- Blaze doubles in size, approaches Suncor, Syncrude sites
- Fire five times size of New York crosses into Saskatchewan
Alberta fire fighters successfully defended Suncor Energy Inc. and Syncrude Canada Ltd.’s oil sands sites from wildfires and rain brought some relief as a blaze that shut more than a million barrels a day of production in Canada’s oil patch continued to grow.
The fire, which is now 5,050 square kilometers (1,950 square miles) in size, burned up to and around the companies’ oil sands mines and is now spreading into remote forests to the east into neighboring Saskatchewan, said Chad Morrison, an Alberta fire official. Fire fighters were helped by “a trace” of rain in the morning with more showers forecast for the coming days. The blaze, which erupted at the beginning of the month, has burned entire neighborhoods in Fort McMurray and forced the evacuation of more than 80,000 people.
“The threat has diminished around the community and the oil sands facilities for sure,” Morrison said.
The wildfire at the heart of Canada’s energy industry has doubled over the past week, ravaging an area more than five times bigger than New York City. While a lag in the fires growth last week allowed energy companies to begin restarting oil sands production, the threat returned as temperatures rose. About 8,000 workers were forced to evacuate from camps in the north, delaying the resumption of crude production. The provincial government on Wednesday announced plans for a phased reentry of Fort McMurray residents over four days starting on June 1 for those who wish to go back.
There has been no additional damage to any energy industry facilities, including work camps. While the fire is still heading northeast in the vicinity of oil-sands plants, it’s expected to shift course and burn back on itself toward the southwest, Travis Fairweather, an Alberta Forestry spokesman, said by phone.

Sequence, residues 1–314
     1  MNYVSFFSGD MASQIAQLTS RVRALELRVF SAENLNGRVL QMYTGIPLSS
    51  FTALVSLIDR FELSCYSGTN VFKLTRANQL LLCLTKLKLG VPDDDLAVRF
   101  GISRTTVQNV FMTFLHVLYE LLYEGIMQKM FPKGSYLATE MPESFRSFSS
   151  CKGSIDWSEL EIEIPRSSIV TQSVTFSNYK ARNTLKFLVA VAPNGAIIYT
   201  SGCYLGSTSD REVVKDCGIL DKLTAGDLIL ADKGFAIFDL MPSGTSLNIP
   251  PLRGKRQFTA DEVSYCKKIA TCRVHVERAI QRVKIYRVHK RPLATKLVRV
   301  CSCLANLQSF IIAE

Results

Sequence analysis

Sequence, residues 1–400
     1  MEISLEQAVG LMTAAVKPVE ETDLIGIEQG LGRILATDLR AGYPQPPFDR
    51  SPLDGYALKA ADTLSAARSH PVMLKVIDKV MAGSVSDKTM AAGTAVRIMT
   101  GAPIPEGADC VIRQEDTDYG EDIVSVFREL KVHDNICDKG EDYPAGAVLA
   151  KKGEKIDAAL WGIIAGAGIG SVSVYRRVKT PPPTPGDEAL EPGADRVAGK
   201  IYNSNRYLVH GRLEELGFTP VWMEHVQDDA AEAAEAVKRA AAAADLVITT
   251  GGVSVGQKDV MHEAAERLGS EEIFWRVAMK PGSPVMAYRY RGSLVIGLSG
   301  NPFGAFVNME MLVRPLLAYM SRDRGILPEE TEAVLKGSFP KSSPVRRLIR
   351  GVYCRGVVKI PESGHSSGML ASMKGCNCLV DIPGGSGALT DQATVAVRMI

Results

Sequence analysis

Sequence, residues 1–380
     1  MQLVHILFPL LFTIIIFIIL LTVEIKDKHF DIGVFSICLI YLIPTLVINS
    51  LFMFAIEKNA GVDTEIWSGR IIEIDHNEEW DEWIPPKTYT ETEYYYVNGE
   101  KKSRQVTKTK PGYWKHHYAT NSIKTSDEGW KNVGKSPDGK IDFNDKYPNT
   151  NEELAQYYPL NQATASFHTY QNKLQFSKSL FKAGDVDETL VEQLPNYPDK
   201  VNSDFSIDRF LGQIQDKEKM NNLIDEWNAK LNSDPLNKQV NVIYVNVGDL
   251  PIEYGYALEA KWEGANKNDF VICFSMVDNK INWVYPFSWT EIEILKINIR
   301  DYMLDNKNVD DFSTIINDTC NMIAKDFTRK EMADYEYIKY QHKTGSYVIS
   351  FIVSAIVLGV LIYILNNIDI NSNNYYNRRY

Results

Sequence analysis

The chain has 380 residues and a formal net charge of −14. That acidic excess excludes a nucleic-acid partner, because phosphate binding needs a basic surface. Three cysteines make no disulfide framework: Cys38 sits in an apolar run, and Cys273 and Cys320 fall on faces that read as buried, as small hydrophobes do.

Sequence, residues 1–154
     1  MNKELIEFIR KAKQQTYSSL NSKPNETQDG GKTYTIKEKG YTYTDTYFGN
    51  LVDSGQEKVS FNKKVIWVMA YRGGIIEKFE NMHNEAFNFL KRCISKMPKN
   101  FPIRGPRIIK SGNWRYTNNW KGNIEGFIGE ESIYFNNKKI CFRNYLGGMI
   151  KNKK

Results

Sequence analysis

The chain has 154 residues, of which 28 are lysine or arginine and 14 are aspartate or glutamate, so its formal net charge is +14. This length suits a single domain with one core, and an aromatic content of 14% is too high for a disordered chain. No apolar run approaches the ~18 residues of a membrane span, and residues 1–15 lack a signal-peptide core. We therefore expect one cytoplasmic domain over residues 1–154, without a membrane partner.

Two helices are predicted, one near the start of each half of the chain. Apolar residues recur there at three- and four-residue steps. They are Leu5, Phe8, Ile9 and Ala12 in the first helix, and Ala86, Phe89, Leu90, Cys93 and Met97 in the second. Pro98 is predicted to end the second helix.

The delays resuming production in the oil sands, which contain the world’s third-largest reserves, helped push crude to a seven-month high. West Texas Intermediate touched $48.95 a barrel Wednesday in New York, the highest since October. WTI fell 3 cents to $48.16 a barrel in New York Thursday.
The fire is a setback for Canada’s economy and energy industry and is estimated to be the country’s costliest disaster. The Conference Board of Canada forecasts that 14 days of production cuts in the oil sands represent a hit of about C$985 million ($763 million) to the Alberta economy.
Rain is expected to continue through Sunday, according to government weather forecasts. There are more than 2,400 firefighters battling fires across Alberta, including the blaze around Fort McMurray, Danielle Larivee, Alberta’s municipal affairs minister, said in the Thursday press conference from Edmonton.
Oil-sands production came offline as companies evacuated workers and shut down power lines and pipelines. Inter Pipeline Ltd., which said Tuesday it had partially shut down its Polaris and Corridor systems due to fires, said Wednesday it had resumed operations.
Canadian Natural Resources Ltd. was far away from fires and could continue producing during the crisis. Royal Dutch Shell Plc has been able to continue ramping up initial lost output even with the blaze turning north earlier this week. Mining operations will be able to restart quickly once the fire risk subsides, while projects that use steam to melt bitumen below the surface and pump it out of the ground will probably take more than a week, Amir Arif, an analyst at Cormark Securities Inc. in Calgary, said by phone Wednesday.
While producers make plans to get workers back to their plants and camps, the Alberta government is focused on getting Fort McMurray residents safely home, Alberta Premier Rachel Notley said Wednesday. Evacuees will be allowed to return in waves, based on the neighborhoods where they lived, and are being advised to bring non-perishable food, flashlights, prescription medications and other supplies, she said.
“We don’t want to have people completely commit to a certain date but at the same time, we’ve been hearing more and more that people need to have some idea of the dates they’re dealing with,” Notley said. “We hope we’ve achieved that balance.”